- Author(s):Jonothan Neelands, Tony Goode
- Available from: September 2015
Structuring Drama Work is the only drama resource that explores 100 dramatic conventions and techniques and provides ideas for how to practise them.
Send a Query×
Structuring Drama Work explains dramatic conventions and what they do, explores how dramatic techniques can be used, provides cultural connections and global contexts and includes examples of the techniques in the context of the plays and the texts. Its compact size and simple format make it convenient and easy to use.Structuring Drama Work is suitable for teachers of Cambridge IGCSE®, GCSE and for students studying at A Level, IB Diploma and beyond. Structuring Drama Work will give inspiration and ideas to students and give teachers, and others, the confidence to plan and structure effective drama learning based on clear examples of each convention in place.
Jonothan Neelands and Tony Goode are experienced and respected teachers and authors with a wealth of experience in the Drama and Theatre sphere.
The simple format is ideal for teachers needing ideas and inspiration for lessons and for students needing guidance.
This new edition contains 100 dramatic conventions with clear explanations of how they work in the context of a range of plays and their cultural connections.
- Acknowledgements, Introduction, Part 1: A guide to dramatic conventions, Section A: Context-building action, Circle of life, Circular drama, Collective character, Collective drawing, Commission, Defining space, Diaries, letters, journals, messages, First impressions, Games, Guided tour, Making maps and diagrams, Objects of character, Role-on-the-wall, Simulations, Soundtracking, Still-image, Theory building, The iceberg, The ripple, Unfinished materials, Section B: Narrative action, A day in the life, Critical events, Everywoman, Good angel/bad angel, Gossip circle, Hot-seating, Interviews and interrogations, Mantle of the expert, Meetings, Noises off, Overheard conversations, Reportage, Spotlighting, Tag role, Teacher-in-role, Telephone or radio conversation, Timeline, Time will tell, Will they, won't they?, Section C: Poetic action, Action narration, Alter-ego, Analogy, Behind the scene, Caption-making, Ceremony, Chamber theatre, Come on down!, Commedia dell'arte, Cross-cutting, Ducumentary, Flashback, Folk-forms, Forum-theatre, Genre switch, Gestus, Living newspaper, Masks, Mimed activity, Montage, Physical theatre, Play within a play, Prepared roles, Reader's theatre, Re-enactment, Reminiscence Theatre, Revue, Ritual, Role reversal, Shape-shifting, Small-group play-making, Soundscape, TV times, Verbatim theatre, Section D: Reflective action, Are you moved? Builders of bridges, Character box, Choral speak, Empathy knots, Finger ballet, Gestalt, Gifting, Giving witness, Group sculpture, Harmony, If I were you..., Marking the moment, Moment of truth, Narration, Postbox, Power line, Space between, Spectrum of difference, Taking sides, This way/that way, Thought shower, Thought-tracking, Voices in the head, Wall of China, Walls have ears, Window on the world, Part 2: Structuring drama for learning opportunities, Part 3: Theatre as a learning process.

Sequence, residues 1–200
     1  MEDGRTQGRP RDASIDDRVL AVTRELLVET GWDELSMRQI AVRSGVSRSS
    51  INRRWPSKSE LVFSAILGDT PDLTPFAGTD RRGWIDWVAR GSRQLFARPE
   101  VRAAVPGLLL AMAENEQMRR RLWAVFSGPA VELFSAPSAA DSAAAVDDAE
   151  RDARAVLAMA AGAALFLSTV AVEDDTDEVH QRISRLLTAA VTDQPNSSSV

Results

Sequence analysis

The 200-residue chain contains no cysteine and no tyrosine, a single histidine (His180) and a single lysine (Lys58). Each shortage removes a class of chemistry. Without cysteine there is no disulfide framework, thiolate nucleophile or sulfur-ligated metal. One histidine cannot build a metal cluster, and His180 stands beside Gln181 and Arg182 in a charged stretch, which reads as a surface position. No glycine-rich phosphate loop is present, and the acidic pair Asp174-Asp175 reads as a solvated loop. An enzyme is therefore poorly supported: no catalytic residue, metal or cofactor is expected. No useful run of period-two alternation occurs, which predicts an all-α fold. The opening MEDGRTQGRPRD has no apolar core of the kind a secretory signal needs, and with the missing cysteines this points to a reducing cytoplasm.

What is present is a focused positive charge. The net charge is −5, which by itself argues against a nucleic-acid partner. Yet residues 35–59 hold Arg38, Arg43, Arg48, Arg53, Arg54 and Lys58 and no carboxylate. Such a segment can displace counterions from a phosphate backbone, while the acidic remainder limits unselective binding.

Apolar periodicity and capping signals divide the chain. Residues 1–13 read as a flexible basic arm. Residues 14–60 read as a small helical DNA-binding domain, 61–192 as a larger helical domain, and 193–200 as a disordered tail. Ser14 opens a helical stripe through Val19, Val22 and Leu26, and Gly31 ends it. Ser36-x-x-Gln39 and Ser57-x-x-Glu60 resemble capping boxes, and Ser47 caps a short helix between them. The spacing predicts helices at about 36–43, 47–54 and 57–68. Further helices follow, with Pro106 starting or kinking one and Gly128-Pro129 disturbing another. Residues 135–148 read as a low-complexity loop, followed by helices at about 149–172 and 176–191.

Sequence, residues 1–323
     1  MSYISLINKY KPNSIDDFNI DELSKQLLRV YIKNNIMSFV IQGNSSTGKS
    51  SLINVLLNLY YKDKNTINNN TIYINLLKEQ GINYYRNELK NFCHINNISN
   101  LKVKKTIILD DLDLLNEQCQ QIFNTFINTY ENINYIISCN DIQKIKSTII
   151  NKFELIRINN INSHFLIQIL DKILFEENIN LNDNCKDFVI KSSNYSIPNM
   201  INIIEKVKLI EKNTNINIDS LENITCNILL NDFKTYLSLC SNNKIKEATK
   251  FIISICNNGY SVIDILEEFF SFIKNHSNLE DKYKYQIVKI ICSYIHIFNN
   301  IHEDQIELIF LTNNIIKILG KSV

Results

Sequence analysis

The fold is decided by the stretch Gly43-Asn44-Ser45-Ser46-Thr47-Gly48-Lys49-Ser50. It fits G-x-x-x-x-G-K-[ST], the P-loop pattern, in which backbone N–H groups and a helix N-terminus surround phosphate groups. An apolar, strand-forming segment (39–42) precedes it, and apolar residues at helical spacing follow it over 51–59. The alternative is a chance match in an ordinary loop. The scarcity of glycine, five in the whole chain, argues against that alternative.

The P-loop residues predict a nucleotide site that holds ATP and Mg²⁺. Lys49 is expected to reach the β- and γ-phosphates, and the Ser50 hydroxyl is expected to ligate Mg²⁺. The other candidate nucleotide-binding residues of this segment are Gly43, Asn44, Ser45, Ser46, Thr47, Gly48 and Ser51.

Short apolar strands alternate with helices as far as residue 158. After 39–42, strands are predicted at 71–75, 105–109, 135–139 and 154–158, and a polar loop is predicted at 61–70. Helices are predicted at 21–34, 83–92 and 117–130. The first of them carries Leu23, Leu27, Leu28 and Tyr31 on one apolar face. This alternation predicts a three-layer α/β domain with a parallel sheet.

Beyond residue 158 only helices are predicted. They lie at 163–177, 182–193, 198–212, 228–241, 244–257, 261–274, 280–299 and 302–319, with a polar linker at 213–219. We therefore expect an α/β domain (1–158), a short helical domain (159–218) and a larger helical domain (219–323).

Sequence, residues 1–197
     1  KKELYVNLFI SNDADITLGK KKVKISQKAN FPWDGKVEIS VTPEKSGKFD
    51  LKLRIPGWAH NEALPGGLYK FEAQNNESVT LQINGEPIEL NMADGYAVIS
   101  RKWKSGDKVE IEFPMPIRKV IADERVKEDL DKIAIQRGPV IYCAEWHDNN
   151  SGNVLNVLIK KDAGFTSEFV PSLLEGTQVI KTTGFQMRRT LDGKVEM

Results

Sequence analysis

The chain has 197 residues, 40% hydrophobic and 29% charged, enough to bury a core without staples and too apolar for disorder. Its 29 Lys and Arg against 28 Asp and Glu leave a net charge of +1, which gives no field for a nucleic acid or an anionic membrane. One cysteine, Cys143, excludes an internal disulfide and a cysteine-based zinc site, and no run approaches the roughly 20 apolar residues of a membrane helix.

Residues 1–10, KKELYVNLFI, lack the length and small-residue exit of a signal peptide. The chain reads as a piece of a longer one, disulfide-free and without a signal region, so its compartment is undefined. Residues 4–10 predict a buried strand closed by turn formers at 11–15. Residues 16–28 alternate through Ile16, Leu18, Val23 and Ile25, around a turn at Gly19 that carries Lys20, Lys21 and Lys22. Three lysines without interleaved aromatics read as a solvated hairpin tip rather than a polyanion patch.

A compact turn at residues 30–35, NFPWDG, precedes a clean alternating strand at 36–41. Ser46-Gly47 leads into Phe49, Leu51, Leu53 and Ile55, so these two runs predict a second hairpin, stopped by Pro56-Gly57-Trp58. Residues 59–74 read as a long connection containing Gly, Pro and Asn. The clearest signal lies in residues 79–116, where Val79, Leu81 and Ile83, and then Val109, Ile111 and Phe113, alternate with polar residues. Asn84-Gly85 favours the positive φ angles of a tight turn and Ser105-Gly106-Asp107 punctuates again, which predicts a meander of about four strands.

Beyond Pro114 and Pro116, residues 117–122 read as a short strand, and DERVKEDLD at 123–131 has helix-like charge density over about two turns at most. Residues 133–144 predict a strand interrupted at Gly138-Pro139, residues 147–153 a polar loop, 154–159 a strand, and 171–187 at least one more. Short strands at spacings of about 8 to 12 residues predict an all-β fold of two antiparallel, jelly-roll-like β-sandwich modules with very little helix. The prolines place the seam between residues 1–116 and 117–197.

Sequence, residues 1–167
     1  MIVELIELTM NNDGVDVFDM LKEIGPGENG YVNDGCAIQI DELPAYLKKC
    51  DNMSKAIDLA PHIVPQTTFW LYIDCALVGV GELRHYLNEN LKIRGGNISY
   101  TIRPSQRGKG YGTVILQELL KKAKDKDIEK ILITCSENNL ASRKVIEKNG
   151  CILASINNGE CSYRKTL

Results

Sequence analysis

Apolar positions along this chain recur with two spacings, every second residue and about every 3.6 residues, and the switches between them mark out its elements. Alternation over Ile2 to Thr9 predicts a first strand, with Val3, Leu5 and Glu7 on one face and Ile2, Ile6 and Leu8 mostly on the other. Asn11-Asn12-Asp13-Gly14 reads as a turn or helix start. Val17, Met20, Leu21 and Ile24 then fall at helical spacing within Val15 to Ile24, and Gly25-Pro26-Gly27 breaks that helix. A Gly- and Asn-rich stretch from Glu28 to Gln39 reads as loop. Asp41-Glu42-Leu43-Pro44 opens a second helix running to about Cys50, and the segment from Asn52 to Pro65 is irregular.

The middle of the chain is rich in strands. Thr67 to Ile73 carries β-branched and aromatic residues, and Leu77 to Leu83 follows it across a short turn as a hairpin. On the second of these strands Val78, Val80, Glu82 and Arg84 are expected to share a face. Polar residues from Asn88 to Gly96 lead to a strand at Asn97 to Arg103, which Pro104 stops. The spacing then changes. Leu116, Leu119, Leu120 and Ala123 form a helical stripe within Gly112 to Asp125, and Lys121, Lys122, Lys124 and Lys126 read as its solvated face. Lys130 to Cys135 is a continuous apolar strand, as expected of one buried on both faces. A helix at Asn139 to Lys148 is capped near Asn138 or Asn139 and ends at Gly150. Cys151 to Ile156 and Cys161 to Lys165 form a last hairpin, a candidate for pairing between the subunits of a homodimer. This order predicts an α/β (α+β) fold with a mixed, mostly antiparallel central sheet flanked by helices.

Latest newsAll news
19 June 2019
English language exercises to develop active learners
Five exercises that help to develop English language skills in an active way.
Thank you for your feedback which will help us improve our service.
If you requested a response, we will make sure to get back to you shortly.×